Two subspecies usually are recognized (Humphrey and Parkes 1963, Blake 1977, Dickinson 2003), but some authors consider the species to be monotypic (Payne 1979).
fostersmithi Friedmann 1949; type locality Caicara, Monaguas, Venezuela
Occurs in eastern Colombia and in Venezuela.
Similar to nominate sibilatrix, but crown is more bluish slate, less blackish; the wing coverts are more yellowish, less pinkish, cinnamon, with narrower black streaks; neck and breast light honey yellow, not light buffy olive; and the bill averages longer (see Measurements) (Blake 1977).
sibilatrix (Temminck 1824); type locality Brazil and Paraguay
Occurs from Bolivia south to southeastern Brazil, Uruguay and northeastern Argentina. See Detailed Description.
This species was described in the genus Ardea (Temminck 1824). Ridgway (1878) erected the genus Syrigma, with type species sibilatrix, and most authorities have classified it as Syrigma sibilatrix. The genus Syrigma is monotypic.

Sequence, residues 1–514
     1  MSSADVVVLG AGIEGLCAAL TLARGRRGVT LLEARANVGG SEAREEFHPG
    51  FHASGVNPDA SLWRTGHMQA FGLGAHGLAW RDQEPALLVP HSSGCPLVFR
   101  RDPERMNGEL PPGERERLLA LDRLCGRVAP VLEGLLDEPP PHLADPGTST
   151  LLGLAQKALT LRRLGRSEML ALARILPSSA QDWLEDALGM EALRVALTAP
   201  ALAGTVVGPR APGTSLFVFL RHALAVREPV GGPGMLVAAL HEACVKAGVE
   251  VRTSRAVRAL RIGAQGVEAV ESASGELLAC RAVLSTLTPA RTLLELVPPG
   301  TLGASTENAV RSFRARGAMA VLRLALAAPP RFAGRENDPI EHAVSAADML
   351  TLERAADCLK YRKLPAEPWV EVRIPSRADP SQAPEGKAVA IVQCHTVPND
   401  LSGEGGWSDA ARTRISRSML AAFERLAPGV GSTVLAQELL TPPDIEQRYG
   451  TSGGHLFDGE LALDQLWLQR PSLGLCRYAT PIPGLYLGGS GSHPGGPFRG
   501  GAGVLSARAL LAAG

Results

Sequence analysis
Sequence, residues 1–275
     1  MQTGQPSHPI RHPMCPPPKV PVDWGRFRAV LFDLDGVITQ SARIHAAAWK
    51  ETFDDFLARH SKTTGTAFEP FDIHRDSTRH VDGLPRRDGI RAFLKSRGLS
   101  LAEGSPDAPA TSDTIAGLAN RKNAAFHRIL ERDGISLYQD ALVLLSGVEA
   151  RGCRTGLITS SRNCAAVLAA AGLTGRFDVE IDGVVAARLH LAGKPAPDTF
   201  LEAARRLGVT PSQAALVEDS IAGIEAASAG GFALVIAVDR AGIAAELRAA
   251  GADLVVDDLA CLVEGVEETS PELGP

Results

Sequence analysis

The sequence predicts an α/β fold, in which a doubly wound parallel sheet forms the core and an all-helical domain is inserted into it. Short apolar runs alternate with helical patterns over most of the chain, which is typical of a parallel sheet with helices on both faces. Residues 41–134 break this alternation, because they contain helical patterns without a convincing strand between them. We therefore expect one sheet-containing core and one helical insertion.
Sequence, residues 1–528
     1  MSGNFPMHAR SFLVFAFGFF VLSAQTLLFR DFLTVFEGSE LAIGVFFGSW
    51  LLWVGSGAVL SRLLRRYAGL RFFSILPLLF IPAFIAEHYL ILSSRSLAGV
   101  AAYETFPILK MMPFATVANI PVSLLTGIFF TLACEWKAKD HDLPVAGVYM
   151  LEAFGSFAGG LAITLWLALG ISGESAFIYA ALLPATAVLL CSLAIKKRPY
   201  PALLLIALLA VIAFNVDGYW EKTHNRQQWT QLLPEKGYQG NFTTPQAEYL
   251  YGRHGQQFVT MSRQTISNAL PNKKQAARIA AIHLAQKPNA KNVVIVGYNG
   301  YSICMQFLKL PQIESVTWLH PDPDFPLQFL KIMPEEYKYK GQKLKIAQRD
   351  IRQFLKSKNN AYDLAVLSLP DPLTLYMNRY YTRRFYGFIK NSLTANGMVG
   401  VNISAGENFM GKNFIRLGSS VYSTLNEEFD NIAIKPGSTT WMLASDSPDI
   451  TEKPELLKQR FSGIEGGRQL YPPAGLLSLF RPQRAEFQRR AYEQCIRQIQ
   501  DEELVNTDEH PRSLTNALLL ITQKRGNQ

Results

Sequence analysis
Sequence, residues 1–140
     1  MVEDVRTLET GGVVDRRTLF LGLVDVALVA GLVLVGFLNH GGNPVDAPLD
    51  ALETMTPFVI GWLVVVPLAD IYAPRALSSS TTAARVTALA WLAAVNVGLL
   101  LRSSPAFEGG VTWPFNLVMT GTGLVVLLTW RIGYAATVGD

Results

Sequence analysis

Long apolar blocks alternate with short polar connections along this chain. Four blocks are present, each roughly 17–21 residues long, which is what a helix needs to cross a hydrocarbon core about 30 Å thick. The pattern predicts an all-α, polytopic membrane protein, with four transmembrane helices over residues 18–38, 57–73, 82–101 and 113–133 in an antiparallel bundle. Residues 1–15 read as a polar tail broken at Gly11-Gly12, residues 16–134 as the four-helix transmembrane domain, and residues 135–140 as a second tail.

The affinties of sibilatrix long were unclear, however. It often was considered to be related to night-herons, and some authors even merged Syrigma in the genus Nycticorax (e.g. Bock 1956). Payne and Risley (1976), using a phenetic analysis of morphological characters, concluded that Syrigma was not related to night-herons, and instead was a basal member of the day herons (Ardeinae). Investigations of the systematics of herons based on DNA hybridization (Sheldon 1987, McCracken and Sheldon 1997, Sheldon and Slikas 1997) and on phylogenetic analysis of mitochondrial DNA sequence data (Sheldon et al. 2000) also classify Syrigma among the day herons, and suggest that Syrigma is sister to Egretta.